Guide To Hiking Potato Mountain's East Face Via Evey Canyon Trail
.6 Miles In
Guide To Hiking Potato Mountain's East Face Via Evey Canyon Trail
Selfie Stop

0.8 Miles-As you reach .8 miles of hiking on the day, you’ll have finished the east face of Potato Mountain and rejoin the main Every Canyon Trail to the summit of Potato Mountain. Make sure to take extra caution on the final .2 miles of the climb, as the grade and footing make for a potentially slippery outing.

Guide To Hiking Potato Mountain's East Face Via Evey Canyon Trail
The Final Push
Guide To Hiking Potato Mountain's East Face Via Evey Canyon Trail
Looking North
Guide To Hiking Potato Mountain's East Face Via Evey Canyon Trail
Finished With The East Face

1.0 Miles-The final .2 miles are are on a wide fire road. A large base of concrete signifies that you’ve made it! Take it the views of the Inland Empire, Claremont Hills Wilderness Park, Marshall Canyon, and the surrounding mountains!

Guide To Hiking Potato Mountain's East Face Via Evey Canyon Trail
Final .2 Miles
Guide To Hiking Potato Mountain's East Face Via Evey Canyon Trail
Summit Views
Guide To Hiking Potato Mountain's East Face Via Evey Canyon Trail
Potato Mountain

The east face ridge is far too steep to hike down, so as you begin your return leg of this hike, continue on the fire road instead.

Guide To Hiking Potato Mountain's East Face Via Evey Canyon Trail
Fire Road
Guide To Hiking Potato Mountain's East Face Via Evey Canyon Trail
Much Less Steep

1.7 Miles-At 1.7 miles you’ll hit a three way junction, make a right hand hairpin turn and follow the trail that heads east.

Guide To Hiking Potato Mountain's East Face Via Evey Canyon Trail
The Junction – Take EVEY CYN MTWY

The final 1.4 miles of this hike is just a shaded stroll down a pleasant fire road. There is a seasonal creek that runs on the left hand side of the trail, so be aware that there can be quite a few bugs depending on the time of year.


Guide To Hiking Potato Mountain's East Face Via Evey Canyon Trail
Hiking Buddy
Guide To Hiking Potato Mountain's East Face Via Evey Canyon Trail
On The Way Out

I'm Drew, creator of Trail to Peak. Trail to Peak brings content to life on the web through breath-taking photography and captivating video. I launched Trail to Peak in 2014 with a goal to inspire readers to get outside and enjoy the great outdoors. I have traveled to 19 countries, walked Camino de Santiago, hiked the John Muir Trail, trekked through the Andes of Peru, and am constantly seeking new adventures in my home state of California. Joining me on my weekly adventures is my partner, Julia, our son, Owen, and our two goldendoodles, Isla and Lilly.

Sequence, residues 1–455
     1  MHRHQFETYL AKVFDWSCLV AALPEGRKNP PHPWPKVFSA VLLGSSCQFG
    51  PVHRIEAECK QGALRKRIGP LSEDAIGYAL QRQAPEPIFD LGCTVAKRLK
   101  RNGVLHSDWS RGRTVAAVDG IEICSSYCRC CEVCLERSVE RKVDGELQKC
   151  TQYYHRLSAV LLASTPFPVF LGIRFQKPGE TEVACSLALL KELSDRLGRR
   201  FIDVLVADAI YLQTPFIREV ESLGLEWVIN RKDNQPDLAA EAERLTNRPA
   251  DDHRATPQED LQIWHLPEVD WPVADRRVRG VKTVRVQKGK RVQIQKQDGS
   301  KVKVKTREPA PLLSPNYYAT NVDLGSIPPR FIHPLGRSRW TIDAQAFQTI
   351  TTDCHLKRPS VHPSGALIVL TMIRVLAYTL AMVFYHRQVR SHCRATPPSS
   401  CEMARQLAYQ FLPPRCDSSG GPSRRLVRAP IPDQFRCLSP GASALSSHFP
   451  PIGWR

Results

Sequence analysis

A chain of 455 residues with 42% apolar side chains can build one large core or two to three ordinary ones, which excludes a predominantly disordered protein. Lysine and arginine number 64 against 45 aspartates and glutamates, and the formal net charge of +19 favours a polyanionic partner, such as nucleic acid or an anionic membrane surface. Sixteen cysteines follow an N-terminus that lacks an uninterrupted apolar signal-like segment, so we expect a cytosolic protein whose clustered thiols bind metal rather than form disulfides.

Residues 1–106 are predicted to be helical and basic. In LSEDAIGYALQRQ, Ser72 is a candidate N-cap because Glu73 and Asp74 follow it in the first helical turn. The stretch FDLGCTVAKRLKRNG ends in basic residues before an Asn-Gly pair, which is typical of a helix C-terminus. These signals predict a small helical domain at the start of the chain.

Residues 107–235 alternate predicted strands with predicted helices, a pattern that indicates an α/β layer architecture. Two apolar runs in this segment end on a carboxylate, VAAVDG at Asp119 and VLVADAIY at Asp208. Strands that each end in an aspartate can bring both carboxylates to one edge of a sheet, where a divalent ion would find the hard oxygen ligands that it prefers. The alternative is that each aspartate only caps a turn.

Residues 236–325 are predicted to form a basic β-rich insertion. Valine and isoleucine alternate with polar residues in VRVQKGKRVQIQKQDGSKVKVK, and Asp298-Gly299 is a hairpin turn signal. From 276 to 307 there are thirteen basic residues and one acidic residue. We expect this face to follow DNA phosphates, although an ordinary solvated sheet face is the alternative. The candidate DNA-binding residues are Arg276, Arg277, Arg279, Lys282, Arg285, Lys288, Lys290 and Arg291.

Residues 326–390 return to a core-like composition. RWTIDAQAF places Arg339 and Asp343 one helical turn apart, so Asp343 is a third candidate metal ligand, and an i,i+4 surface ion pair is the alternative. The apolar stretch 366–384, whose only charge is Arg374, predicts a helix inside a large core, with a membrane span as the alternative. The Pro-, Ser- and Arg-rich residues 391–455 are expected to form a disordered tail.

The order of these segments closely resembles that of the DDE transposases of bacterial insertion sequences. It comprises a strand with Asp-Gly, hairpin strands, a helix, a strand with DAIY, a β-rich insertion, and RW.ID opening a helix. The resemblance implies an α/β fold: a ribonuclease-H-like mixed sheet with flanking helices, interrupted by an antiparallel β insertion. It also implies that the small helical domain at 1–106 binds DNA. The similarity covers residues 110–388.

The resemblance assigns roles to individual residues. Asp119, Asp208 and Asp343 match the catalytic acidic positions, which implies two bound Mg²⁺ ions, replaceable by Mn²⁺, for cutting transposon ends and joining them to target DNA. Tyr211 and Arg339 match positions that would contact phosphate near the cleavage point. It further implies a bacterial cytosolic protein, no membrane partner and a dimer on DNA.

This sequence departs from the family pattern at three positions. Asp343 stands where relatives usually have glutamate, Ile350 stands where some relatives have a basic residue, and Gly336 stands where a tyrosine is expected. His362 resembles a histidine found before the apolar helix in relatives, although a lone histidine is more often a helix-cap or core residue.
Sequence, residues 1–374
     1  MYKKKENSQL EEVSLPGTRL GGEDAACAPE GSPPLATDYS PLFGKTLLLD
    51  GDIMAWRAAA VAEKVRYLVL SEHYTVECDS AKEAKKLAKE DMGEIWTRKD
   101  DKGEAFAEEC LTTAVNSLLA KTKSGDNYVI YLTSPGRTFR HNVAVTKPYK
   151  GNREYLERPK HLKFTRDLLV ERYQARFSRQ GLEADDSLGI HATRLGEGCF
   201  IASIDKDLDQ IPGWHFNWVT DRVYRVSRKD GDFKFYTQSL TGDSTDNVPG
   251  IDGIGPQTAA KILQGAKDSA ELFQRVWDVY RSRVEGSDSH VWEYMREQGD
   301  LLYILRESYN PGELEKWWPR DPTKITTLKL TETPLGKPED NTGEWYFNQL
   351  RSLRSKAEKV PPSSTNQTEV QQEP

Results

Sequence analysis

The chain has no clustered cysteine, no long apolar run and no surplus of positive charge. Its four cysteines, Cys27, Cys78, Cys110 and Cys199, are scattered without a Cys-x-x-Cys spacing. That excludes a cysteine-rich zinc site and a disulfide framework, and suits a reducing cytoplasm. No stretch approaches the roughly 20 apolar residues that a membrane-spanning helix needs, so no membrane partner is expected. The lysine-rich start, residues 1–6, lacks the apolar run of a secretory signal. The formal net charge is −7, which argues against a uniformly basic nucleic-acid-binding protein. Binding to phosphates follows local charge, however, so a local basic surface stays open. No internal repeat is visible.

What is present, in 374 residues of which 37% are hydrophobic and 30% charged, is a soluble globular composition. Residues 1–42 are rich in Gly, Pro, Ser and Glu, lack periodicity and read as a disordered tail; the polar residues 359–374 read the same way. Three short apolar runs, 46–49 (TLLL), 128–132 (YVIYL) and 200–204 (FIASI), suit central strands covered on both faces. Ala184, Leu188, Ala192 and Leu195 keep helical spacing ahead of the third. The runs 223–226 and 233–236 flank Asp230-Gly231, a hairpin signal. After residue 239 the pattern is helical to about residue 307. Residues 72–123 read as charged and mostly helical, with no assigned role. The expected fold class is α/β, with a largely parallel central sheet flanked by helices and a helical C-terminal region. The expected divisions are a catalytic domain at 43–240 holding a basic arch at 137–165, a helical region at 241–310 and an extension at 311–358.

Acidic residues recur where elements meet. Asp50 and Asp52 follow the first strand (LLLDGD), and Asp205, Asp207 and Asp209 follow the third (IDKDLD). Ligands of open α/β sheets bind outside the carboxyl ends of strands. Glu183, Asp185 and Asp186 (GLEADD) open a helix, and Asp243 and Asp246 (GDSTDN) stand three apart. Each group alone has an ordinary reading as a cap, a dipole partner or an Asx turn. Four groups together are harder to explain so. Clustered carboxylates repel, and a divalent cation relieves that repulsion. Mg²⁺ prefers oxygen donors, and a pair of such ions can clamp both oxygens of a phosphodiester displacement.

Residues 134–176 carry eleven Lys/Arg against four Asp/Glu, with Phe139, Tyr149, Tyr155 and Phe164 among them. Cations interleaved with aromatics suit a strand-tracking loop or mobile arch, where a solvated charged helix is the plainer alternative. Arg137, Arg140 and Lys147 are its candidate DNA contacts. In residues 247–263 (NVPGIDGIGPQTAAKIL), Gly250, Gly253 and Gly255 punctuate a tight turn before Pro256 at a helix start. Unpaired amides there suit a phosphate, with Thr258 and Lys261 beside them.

5 comments on “Hiking Potato Mountain’s East Face Via Evey Canyon Trail

  1. Good to see this route getting more exposure. Nice write-up and excellent photos! I think a lot of hikers miss out on this trail simply because it is so short and because the destination is Potato Mountain. I’ve done this hike numerous times and it’s always a good challenge.

    • It’s a great route for sure. To me the short distance and proximity is the selling point. There aren’t too many hikes in the area that allow for this kind of a physical challenge in such a short distance. The fact that it’s right off of the 210 means I can get there after work and be off the trail before sundown.

  2. Thank you, Drew, for excellent write-up of this trail

    I’ve hiked Potato Mtn and Claremont’s 5 miles loop trail for years, many times combining both for a longer hike(10 miles). Never heard of East Face of Evey Mountain trail till reading your post !
    What a hike! This is almost like an Iron Mountain mini hike, THE hike I consider one of the toughest even comparing with Cactus to Clouds.

    Now thanks to you, I’ll be going to hike Poop Out and Punk Out trails next week. But I think this hike will stand as the shortest (.60 miles from trail head), toughest ( roughly 1100 ft elevation gain) in my memory for a long time

    • Drew Robinson

      Thanks for reading, Sam! Like you, I do the Claremont Loop and Potato Mountain a lot. This is probably my favorite route in the area!